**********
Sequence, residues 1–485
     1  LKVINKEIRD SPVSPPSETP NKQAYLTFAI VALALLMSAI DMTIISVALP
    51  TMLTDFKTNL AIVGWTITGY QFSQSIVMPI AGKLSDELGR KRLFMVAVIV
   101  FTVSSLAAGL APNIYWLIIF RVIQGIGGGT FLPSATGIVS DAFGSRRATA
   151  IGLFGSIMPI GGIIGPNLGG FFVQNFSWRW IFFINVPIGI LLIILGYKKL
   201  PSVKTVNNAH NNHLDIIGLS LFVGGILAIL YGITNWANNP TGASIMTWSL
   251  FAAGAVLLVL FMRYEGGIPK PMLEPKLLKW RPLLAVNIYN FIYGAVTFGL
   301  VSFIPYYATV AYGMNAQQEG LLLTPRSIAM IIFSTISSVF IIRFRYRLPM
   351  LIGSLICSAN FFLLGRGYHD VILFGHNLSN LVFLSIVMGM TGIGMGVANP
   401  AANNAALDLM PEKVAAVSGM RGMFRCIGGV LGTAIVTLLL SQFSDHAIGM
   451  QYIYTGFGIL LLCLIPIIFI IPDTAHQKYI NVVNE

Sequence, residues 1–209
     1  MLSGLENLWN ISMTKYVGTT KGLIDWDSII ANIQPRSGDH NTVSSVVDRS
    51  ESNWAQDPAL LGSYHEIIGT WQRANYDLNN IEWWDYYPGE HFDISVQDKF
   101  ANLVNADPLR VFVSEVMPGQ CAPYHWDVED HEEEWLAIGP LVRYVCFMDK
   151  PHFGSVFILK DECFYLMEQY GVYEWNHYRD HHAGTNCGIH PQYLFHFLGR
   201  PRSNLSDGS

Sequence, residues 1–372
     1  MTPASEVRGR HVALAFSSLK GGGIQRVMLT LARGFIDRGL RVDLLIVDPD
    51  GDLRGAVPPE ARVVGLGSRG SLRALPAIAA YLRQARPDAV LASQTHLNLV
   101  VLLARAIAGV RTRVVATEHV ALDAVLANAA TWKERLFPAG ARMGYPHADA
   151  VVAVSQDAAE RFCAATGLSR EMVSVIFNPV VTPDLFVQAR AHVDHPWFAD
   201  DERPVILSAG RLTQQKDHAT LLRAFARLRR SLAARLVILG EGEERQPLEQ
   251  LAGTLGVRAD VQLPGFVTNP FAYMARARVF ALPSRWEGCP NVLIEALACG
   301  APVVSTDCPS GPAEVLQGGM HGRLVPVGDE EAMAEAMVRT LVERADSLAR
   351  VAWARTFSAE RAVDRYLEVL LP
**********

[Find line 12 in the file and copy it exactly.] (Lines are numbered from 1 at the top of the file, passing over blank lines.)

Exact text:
Sequence, residues 1–209